Obviously numerous versions of "I Saw Mommy Kissing Santa Claus" have been recorded since Jimmy Boyd first did in 1952, but the best clearly was the one performed by the Jackson 5 on their 1970 Christmas Album.
It's not merely the pop mastery of the group or the production, but the way young Michael says just before the solo:
"I did, I really did see Mommy kissing Santa Claus, and I'm gonna tell my dad."
Why does that put it above all others? Let's examine.
All versions of the song have these lines to make it seem playful:
Oh, what a laugh it would have been
If Daddy had only seen
Mommy kissing Santa Claus last night
Conceivably we, the at-least-moderately sophisticated adult listener, know that the Santa whom Mommy is kissing is merely Daddy in a costume, and dismiss it as lightly romantic behavior between the parents after all the Christmas Eve tasks, after the children have been put to bed. And upon seeing his mother being so affectionate toward another man who appears not to be his father (we presume for the first time), the child dismisses it as laughable because, after all, it is Santa. How could his father be anything but amused? And we know that Daddy would be amused because it is, in fact, he who is receiving Mommy's affection.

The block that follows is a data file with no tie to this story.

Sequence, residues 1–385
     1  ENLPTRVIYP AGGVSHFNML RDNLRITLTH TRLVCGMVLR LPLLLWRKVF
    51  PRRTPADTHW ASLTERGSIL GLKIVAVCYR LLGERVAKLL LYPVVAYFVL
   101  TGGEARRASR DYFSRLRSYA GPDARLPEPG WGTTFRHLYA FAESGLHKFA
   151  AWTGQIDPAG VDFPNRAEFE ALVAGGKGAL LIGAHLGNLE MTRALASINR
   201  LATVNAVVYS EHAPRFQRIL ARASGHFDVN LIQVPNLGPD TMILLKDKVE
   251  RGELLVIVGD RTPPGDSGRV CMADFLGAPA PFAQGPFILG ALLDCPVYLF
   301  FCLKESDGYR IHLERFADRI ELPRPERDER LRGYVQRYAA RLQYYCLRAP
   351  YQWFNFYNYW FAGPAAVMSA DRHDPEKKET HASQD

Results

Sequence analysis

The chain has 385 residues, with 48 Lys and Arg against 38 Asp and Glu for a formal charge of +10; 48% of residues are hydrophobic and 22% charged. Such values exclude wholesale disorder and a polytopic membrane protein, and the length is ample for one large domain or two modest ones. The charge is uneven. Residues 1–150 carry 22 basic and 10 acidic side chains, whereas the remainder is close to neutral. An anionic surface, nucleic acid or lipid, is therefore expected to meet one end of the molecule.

We know that, but clearly the child does not.
The lyrics force it to come around to a non-threatening conclusion because, well, it's a Christmas song ostensibly about Santa and therefore must remain light in tone, but even cursory reflection on what is really happening shows the song always had a troubling subtext from the child's point of view.
That assertion (in what is presumably meant to be a quaint throwaway line) to tattle on his mother to his father gets at the heart of how traumatic seeing the apparent infidelity could be to a child young enough to still believe in Santa. It at least gives brief explicit mention of that subtext while still allowing the track to be something we can hear over and over every holiday season without feeling uneasy.
That's what Christmas ultimately is, even for those who have had very pleasant Christmas days: Something that is struck through with troubling elements that we pretend is an unmitigated good for the sake of the kids. Other versions simply ignore that first part, and that's why they are inferior.
We won't get into the obvious insinuation that Mommy and "Santa" are pretty kinky. (Either Daddy donned the suit to fool any children who might come down from bed, in which case they are unconcerned with their protracted fooling around being witnessed, or Daddy donned the suit because Mommy finds it a turn-on, and perhaps getting caught is part of the allure and hence the reason they are doing it out there by the tree rather than behind the closed doors of their bedroom.) Again, it's supposed to be something to be played again and again, and it's best not to be thinking about that., especially when a child is singing.
Happy (Don't Think About It) Holidays!